1. There have been many flash-in-the-pan programs that have made a run to the Sweet 16 and quickly fell back to earth. What is Gonzaga's secret? Is it just Mark Few, or is there some other reason that the Zags have become a legitimate national power?
Wow, this is one of those questions that is probably in the eye of the beholder but Gonzaga's success has to stop and start with Mark Few. Dan Monson was the head coach when the Zags went to the Elite Eight in '99 but bolted to Minnesota the next year. Since then Few has led Gonzaga to the tournament in every year since. A big part of Mark Few's tenure at Gonzaga has been about developing talent. Guys like Ronny Turiaf, Adam Morrison, and Blake Stepp weren't huge on the recruiting scene but they blew up upon their arrival in Spokane. The staff has done a great job at recruiting this untapped talent and putting out a team that buys into the 'team' concept. The Zags have kind of left those days behind. They now recruit at a high level and it should be interesting to see how the coaching staff adapts to being a power school because the days of sneaking up on teams are long gone.
2. What should IU expect from this team? Strengths, weaknesses, concerns, etc.
We're extremely excited about this team so these answers could be a little bit swayed in the positive side...
The major strength of this team is experience and depth. People around the program know that if there is a year for the Zags to make a final four run, this is it. Jeremy Pargo, Micah Downs, and Josh Heytvelt are all seniors who have been around the program for a while. They are all playing at extremely high levels. Pargo is near the top in assists per game, and Downs and Heytvelt are leading the team in scoring. Along the same lines, Gonzaga has five players averaging double figures in points so far in Pargo, Downs, Heytvelt, Matt Bouldin, and Austin Daye. Steven Gray is averaging 9.6 points a game so I expect him to join the group soon. With that kind of experience and depth, there is no doubt that on any given night, a different player can score twenty points for Gonzaga. This is a much needed change for the program because for so long we relied on that one player to win games for us (see Adam Morrison, Ronny Turiaf, Derek Raivio etc etc..)
The thing you will notice right away is the size and length of this team. Matt Bouldin and Jeremy Pargo start at the guard spots for Gonzaga and look like they should be playing linebacker for the University of Washington. They are both around 220 pounds so they can not only play on the outside but they can also go down low and back you down. The front line for the Zags is extremely long. Micah Downs is 6'8'', and Austin Daye and Josh Heytvelt are 6'11''. They are all tremendous shot blockers and, aside from the Tennessee game, have rebounded very well. Mark Few has got a couple of 7 footers on his bench as well in Rob Sacre and Will Foster. You'll probably see Sacre early and often but Foster, who is 7'5'', has only really played in garbage situations.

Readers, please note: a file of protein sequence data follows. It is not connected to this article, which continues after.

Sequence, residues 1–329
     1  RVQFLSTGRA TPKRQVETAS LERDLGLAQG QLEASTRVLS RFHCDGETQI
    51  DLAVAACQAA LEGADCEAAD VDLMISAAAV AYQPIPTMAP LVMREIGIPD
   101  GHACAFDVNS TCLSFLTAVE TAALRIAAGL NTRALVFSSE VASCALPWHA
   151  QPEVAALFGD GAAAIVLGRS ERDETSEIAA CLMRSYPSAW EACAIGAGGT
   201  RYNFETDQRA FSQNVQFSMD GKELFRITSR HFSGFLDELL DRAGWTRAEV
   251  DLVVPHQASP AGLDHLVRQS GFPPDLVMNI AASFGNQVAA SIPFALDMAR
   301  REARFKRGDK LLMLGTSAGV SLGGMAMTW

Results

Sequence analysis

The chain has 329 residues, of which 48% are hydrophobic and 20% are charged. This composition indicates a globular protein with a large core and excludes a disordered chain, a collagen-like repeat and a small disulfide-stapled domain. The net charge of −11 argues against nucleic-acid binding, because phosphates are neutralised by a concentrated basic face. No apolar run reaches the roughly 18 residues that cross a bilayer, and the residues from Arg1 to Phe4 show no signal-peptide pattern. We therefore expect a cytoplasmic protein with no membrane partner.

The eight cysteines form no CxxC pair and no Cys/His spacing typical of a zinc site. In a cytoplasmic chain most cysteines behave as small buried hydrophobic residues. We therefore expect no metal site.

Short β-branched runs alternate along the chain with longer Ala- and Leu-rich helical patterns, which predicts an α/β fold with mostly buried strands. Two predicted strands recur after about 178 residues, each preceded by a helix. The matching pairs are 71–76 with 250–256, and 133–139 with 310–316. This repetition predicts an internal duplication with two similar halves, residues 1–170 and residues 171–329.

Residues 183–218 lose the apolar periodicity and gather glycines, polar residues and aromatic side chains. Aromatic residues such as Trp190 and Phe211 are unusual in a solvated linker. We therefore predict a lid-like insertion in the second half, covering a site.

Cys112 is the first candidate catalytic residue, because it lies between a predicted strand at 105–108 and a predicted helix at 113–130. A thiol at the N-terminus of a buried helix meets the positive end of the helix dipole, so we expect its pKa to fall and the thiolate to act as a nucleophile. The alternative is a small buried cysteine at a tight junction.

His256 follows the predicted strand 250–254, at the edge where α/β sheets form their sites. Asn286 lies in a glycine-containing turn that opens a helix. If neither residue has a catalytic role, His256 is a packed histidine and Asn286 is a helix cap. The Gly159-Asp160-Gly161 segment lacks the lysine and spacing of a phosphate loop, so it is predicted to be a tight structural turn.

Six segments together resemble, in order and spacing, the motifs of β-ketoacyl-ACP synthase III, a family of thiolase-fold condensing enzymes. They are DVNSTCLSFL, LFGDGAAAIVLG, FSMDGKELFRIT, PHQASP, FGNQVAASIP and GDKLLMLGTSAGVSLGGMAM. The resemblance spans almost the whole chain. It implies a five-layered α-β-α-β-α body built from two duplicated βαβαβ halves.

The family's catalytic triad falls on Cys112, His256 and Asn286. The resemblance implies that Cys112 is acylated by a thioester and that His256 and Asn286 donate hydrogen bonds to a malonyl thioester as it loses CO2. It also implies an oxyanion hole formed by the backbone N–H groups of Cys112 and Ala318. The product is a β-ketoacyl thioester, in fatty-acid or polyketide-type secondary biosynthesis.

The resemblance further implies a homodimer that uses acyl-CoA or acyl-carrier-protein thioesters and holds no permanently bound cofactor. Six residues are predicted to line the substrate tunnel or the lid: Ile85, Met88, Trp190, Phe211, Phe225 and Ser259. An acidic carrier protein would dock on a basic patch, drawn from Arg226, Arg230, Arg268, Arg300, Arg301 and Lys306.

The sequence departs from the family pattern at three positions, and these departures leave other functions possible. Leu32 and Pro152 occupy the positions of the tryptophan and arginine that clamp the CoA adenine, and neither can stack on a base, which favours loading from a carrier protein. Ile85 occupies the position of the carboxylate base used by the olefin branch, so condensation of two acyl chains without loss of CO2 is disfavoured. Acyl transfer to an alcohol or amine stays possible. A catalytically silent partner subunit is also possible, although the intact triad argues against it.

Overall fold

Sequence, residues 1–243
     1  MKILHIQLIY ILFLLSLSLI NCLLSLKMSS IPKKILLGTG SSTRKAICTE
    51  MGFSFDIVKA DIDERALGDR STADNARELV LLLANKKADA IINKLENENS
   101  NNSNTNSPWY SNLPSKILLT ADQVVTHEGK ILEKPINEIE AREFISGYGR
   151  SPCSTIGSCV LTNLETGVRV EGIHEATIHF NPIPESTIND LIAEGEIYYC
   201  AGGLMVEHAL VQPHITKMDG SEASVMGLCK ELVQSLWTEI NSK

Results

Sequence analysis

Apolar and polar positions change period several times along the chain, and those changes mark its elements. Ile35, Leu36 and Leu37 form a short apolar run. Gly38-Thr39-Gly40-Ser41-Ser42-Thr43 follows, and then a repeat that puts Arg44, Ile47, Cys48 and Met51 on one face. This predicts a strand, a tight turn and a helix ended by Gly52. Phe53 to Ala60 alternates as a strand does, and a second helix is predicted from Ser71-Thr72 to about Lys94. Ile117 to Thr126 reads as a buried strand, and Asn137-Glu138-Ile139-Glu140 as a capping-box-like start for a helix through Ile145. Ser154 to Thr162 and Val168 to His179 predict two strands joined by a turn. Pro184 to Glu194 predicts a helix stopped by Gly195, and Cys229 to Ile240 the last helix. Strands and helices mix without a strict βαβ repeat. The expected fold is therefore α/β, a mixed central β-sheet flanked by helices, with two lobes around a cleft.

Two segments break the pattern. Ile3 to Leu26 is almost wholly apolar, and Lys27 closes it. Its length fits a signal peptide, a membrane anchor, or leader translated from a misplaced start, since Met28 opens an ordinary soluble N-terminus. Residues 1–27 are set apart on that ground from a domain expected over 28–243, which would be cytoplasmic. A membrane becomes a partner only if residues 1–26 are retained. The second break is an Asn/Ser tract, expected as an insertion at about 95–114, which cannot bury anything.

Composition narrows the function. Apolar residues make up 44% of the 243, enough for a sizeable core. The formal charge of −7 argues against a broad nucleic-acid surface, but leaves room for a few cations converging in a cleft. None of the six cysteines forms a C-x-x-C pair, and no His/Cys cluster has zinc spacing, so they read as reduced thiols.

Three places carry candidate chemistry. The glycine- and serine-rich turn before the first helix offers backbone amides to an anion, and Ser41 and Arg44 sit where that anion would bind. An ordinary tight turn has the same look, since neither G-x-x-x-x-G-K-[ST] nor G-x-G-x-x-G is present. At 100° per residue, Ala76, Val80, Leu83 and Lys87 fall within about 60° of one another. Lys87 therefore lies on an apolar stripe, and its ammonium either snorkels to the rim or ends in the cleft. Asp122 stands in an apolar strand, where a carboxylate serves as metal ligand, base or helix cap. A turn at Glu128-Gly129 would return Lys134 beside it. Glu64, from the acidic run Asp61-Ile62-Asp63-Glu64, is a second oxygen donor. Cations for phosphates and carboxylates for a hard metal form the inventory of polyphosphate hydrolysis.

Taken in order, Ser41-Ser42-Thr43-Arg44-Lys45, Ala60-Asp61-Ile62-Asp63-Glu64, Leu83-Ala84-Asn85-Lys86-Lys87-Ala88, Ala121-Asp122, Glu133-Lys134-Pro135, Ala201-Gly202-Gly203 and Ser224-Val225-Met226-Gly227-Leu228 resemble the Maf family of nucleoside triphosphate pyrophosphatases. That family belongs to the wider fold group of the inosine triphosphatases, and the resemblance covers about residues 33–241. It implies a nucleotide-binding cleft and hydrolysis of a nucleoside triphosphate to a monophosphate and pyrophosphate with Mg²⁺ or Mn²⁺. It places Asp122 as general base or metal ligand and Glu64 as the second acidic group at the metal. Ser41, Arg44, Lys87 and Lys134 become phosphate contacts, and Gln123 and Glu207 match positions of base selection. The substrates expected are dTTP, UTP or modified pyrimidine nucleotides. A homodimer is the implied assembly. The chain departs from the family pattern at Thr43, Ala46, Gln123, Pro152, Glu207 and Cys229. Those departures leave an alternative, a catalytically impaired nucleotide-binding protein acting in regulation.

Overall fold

The glaring weaknesses for Gonzaga is their reliance on the three point shot and foul problems on the front line. As I mentioned earlier, Gonzaga has players that can shoot from all over the court and during some games, they all try to take over and shoot the long ball. The only player whose three point shot is his biggest strength is sophomore Steven Gray. He lives around the three point line and is a dagger shooter. Everyone else is a marginal three point shooter but is better at something else. This nearly killed us against in the Old Spice Classic. Another thing which has frustrated the Gonzaga faithful is sloppy fouls by our bigs. Austin Daye and Josh Heytvelt have been taken out of some games early for some bad fouls and that really hurts our depth. Our front line is big but aside from Daye and Heytvelt, not very offensively gifted. Rob Sacre is coming off injury, Ira Brown is a a great role player, and Will Foster hasn't made any huge stride in his three years at Gonzaga. If they get in foul trouble early, we will be forced to play small and that is something we don't want to do.
3. Is there any discontent among Gonzaga fans? I would guess that the program's current status is beyond the wildest dreams of fans who followed Gonzaga before 1999. But is there any grumbling about not yet reaching the Final Four, for instance?
That's a great question and something I have been trying to figure out for awhile. Gonzaga has a weird fanbase because you have the older fans who have seen the crappy days when Gonzaga was terrible and you have newer generation fans like myself who have only seen Gonzaga dominate their conference and make the tournament every year. I think I would have a great answer to your question after this year because this is the make or break year for the Zags. They have no reason not to at least make the Elite Eight and if they don't, Mark Few is going to hear it from some of the fans. After this year their will be a huge transformation in the program because Pargo, Downs, and Heytvelt all graduate along with Ira Brown. Austin Daye may bolt to the draft as well.
As of right now, you can almost taste the fear floating around Spokane right now. Everyone knows this is a talented team but is worried about the NCAA Tournament. Hopefully the Old Spice Classic victory will ease some tensions but I would have to characterize the mood in Spokane as being cautious enthusiasm.
Not to mention the fact that Gonzaga has the weight of Washington sports on it's back. The football season wasn't kind to the state of Washington, I believe the Seahawks, Cougars and Huskies have 4 wins combined between the three teams. It's basically 'Zags or Bust' up here.
Thanks, guys. I would wish you luck, but luck can only work against Gonzaga in this game.